Daily Dose of iQ: Amazon Ramps Up Its Locker Delivery Service

Aug 10, 2012 — Allan Pulga

Last year, Amazon introduced lockers in grocery, convenience and drugstore locations in Seattle, New York state and the Washington, D.C. area. On Tuesday (Aug. 7), the company announced it would roll out similar lockers in other cities across the country, reported Greg Bensinger of the Wall Street Journal.

“By adding the lockers, Amazon is addressing the concerns of some urban apartment dwellers who fear they'll miss a delivery or have their items stolen from their doorstep,” Bensinger wrote.

From the look of this service, Amazon has thought of everything. They email a code to the buyer that unlocks the door at a nearby locker. There is no extra fee for service, unlike with UPS or FedEx. They reduce failed delivery and increase customer loyalty.

From a consumer perspective, this sounds like a fantastic service. I've had my share of missed package deliveries, which meant having to go to the post office/FedEx office to pick it up, so I would definitely try this new service out. It seems like Amazon is looking at the pain points throughout the entire e-commerce shopping experience, and trying to ease those frustrations.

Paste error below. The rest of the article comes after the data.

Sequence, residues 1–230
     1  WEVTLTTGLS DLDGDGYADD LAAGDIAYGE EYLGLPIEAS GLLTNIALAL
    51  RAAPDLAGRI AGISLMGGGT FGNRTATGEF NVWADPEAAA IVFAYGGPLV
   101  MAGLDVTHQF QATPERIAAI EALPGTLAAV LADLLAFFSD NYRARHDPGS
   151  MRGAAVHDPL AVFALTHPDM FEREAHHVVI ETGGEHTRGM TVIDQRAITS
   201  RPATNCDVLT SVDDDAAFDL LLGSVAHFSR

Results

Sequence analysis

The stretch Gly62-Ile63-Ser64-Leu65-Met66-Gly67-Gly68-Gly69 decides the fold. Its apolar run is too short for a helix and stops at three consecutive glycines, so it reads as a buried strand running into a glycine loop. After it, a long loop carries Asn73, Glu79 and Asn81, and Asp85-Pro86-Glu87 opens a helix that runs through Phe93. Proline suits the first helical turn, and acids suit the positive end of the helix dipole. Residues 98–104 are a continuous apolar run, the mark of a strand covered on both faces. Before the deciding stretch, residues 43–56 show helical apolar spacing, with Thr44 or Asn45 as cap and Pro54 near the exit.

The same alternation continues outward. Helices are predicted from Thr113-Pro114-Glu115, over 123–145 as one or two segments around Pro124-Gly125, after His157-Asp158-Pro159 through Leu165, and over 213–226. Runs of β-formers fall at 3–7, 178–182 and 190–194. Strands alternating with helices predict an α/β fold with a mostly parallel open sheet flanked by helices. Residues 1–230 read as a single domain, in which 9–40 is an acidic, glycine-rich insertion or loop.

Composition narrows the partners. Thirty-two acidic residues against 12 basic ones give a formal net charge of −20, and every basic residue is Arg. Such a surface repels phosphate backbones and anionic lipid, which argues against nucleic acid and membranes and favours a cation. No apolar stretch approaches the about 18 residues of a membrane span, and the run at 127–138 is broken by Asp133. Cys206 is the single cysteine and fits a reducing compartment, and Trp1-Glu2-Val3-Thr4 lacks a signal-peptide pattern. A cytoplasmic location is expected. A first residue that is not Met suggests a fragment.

I don't think this will be welcome news for physical retailers. With the growing concerns of “showrooming” among brick-and-mortar retailers, Amazon becoming more convenient and reliable actually increases the showrooming threat. By putting these lockers inside other company's stores, Amazon has essentially created a physical retail presence without having to launch a full line of retail locations.

What can traditional retailers do to compete with Amazon’s improved service and delivery? It all comes down to delivering a great customer experience, and that's the best way that traditional retailers can compete with this new model from Amazon. Whether that means providing more convenient locations, improving the checkout process with things like mobile payments, giving customers access to more product information through the use of interactive screens, or even just hiring nicer salespeople, traditional retailers will need to strive to offer a better shopping experience than what customers can get through Amazon.

Topics: Retail Operations, Wireless Trends, Mobile Industry, Customer Experience, e-Commerce

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